Court/Judicial body: Appeal Court of Scotland, High Court of Justiciary
Date: July 29, 2011 CRC
Provisions: Article 3: Best interests of the child
Other international provisions: European Convention on Human Rights, Article 8 (Right to private life) Extradition Treaty, Protocol of Signature and Exchange of Notes between the United States and the United Kingdom of 8 June 1972
Domestic provisions: Extradition Act 2003, Section 87
Background: Proceedings were brought in the United States against Mr. and Mrs. H for offences relating to the sale of chemicals used to manufacture methamphetamine, and the United States requested the extradition of Mr. and Mrs. H from Scotland to face the charges. Mr. and Mrs. H opposed the extradition on numerous grounds, including that their family life would be severely disrupted given that they together cared for Mrs. H’s six children.
Issue and resolution: Extradition. The Court found that, although the children’s lives would be disrupted, Mr. and Mrs. H must nonetheless be extradited to face charges in the United States.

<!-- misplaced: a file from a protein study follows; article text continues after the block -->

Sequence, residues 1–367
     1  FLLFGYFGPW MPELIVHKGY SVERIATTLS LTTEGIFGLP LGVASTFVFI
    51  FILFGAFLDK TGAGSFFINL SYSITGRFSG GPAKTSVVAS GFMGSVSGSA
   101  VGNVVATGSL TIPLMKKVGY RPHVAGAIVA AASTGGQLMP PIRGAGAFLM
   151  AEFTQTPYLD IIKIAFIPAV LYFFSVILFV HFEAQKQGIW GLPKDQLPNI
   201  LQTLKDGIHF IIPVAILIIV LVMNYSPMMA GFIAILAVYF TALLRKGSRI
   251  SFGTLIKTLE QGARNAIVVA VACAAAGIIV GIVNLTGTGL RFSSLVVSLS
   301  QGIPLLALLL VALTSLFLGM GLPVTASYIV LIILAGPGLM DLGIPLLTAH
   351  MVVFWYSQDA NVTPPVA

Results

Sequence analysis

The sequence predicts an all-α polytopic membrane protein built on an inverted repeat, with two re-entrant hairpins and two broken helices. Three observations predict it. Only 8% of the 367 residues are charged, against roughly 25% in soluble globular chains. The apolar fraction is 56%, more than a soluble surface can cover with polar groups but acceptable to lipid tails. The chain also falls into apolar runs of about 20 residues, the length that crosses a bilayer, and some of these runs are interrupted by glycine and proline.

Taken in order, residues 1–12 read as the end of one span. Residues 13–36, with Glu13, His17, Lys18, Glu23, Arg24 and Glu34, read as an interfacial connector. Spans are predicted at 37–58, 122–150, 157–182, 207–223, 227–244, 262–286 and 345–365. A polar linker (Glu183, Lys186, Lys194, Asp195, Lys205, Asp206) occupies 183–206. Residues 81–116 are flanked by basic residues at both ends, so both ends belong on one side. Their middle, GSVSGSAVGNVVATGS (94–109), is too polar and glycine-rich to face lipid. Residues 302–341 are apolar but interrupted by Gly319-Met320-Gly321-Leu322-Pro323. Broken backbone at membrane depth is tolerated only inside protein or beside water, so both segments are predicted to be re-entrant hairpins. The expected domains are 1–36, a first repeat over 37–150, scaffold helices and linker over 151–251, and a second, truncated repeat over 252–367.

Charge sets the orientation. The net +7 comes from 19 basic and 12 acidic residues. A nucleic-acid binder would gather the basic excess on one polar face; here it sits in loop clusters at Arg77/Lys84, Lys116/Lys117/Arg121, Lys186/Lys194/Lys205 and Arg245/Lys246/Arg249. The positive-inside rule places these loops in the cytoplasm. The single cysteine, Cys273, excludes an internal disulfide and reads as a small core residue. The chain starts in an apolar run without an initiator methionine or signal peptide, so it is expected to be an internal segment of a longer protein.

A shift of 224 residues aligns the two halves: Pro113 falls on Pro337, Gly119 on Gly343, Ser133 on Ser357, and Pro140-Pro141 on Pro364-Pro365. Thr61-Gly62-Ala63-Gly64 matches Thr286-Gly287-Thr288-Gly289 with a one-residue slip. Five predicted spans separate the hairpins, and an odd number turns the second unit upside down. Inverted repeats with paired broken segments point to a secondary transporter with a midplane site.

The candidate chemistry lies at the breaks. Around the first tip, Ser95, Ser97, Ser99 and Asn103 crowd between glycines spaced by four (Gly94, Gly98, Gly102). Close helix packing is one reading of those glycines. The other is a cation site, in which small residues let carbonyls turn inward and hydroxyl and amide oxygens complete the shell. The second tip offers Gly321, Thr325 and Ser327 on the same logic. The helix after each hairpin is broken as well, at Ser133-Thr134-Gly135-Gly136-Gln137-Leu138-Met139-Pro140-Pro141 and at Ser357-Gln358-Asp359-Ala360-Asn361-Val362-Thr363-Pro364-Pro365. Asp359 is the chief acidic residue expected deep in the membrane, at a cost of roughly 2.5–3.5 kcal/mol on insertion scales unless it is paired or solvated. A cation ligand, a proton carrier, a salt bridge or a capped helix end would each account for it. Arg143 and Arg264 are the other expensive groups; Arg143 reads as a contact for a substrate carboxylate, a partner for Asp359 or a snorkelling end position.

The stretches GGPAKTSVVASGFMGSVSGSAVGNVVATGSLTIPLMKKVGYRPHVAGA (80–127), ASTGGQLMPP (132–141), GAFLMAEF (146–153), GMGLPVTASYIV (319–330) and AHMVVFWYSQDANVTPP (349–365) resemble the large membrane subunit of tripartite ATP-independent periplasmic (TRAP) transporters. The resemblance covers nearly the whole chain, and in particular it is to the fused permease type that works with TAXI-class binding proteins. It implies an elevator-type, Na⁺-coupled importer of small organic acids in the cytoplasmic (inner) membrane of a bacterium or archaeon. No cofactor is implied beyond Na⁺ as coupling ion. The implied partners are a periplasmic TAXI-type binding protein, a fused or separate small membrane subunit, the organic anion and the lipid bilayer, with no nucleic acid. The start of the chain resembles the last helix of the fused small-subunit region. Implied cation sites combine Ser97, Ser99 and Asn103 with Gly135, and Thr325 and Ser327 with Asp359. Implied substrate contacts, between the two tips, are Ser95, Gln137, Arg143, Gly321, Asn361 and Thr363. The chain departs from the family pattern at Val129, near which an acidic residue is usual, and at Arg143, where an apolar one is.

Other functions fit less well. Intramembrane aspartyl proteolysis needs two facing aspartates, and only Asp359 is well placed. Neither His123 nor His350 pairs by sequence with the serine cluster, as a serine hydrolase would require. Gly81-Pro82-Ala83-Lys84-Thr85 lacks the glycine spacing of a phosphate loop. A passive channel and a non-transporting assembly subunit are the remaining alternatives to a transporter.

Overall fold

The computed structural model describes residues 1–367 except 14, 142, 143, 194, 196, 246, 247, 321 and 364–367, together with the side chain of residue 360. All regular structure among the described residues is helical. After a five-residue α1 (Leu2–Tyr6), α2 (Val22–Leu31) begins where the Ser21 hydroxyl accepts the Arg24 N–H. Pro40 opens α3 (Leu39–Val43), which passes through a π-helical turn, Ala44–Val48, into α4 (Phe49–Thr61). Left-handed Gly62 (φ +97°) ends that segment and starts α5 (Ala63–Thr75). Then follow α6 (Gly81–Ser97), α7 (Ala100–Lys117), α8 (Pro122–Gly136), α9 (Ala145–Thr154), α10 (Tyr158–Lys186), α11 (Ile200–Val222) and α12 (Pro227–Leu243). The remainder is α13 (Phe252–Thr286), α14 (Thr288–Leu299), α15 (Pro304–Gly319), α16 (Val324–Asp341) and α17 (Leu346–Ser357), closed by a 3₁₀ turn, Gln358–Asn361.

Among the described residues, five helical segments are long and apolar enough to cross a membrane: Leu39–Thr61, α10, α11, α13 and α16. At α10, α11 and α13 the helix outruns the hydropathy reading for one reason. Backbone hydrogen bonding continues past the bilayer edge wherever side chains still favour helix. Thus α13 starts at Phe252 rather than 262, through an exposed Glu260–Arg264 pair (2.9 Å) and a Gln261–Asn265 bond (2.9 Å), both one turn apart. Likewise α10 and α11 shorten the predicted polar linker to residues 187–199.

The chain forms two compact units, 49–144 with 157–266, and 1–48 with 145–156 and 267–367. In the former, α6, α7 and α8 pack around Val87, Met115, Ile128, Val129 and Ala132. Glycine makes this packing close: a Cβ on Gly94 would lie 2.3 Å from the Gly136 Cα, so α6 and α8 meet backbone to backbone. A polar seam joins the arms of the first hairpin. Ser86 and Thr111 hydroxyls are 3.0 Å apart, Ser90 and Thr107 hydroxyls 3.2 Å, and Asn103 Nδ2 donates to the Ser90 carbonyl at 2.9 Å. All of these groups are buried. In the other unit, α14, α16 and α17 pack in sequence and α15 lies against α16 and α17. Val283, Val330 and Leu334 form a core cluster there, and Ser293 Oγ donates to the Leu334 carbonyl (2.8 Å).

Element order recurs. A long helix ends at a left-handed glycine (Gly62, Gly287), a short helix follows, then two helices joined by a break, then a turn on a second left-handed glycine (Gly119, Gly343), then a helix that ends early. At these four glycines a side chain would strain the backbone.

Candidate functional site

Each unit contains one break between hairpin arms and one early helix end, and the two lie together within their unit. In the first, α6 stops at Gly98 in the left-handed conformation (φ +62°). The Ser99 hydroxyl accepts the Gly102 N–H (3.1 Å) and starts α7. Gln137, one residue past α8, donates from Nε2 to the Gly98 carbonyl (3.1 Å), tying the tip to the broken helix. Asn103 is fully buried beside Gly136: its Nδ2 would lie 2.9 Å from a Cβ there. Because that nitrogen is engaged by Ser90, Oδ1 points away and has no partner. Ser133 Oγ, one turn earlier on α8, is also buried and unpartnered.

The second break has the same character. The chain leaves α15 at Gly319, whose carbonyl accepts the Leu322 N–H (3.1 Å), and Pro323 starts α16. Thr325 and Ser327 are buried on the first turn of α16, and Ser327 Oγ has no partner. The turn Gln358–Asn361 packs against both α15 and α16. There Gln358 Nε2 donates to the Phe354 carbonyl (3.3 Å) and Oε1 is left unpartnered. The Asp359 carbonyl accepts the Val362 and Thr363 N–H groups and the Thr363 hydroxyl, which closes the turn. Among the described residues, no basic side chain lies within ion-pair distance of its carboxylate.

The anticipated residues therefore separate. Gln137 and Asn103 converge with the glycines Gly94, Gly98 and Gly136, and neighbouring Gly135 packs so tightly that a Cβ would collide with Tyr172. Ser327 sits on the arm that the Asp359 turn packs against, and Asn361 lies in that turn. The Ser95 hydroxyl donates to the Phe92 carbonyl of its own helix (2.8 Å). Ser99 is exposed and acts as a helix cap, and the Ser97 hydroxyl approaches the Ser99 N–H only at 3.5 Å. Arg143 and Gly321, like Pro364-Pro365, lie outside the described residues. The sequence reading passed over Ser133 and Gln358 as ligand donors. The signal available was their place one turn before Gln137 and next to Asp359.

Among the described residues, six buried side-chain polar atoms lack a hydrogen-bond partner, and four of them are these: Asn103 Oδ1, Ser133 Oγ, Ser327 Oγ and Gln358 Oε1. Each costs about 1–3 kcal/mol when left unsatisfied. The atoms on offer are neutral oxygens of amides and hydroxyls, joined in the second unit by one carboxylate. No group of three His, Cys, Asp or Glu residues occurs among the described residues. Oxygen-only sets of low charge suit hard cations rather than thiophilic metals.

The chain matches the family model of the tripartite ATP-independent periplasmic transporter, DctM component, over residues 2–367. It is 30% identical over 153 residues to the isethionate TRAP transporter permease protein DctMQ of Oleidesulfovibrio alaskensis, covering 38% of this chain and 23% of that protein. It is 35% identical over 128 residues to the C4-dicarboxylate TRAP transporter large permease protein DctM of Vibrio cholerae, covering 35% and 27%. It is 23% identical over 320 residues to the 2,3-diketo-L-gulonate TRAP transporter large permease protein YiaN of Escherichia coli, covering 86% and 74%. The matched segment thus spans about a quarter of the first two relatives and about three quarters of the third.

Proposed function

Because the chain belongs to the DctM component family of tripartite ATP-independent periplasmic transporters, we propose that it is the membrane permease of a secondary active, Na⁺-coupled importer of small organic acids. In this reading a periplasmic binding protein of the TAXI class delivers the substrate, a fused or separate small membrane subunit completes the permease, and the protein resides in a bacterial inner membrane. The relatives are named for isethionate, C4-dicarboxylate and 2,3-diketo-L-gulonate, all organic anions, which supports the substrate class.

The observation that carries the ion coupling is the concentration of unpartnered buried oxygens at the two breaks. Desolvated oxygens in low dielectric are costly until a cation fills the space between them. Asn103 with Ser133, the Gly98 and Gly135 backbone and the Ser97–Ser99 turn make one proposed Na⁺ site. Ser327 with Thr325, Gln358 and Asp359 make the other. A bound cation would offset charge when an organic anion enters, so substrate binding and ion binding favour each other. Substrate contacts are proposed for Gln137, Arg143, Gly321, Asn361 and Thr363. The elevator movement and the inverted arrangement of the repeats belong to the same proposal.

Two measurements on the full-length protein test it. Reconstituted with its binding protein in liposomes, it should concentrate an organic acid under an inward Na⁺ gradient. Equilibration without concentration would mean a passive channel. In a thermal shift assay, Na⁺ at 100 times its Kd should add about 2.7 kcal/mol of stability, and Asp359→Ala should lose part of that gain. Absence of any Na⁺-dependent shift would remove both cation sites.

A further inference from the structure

Court reasoning: The public interest in extradition for such a serious crime outweighed Mr. and Mrs. H’s right to private life. In reaching this decision, the Court noted that extradition should be granted where it is necessary for the prevention of disorder or crime, and that only in exceptional circumstances would an accused’s right to private life outweigh the legitimate aim of their extradition. As part of its analysis, the Court examined a prior case that had considered the CRC when cancelling the deportation of a parent, but found that case not to be directly relevant given the criminal charges pending against Mr. and Mrs. H.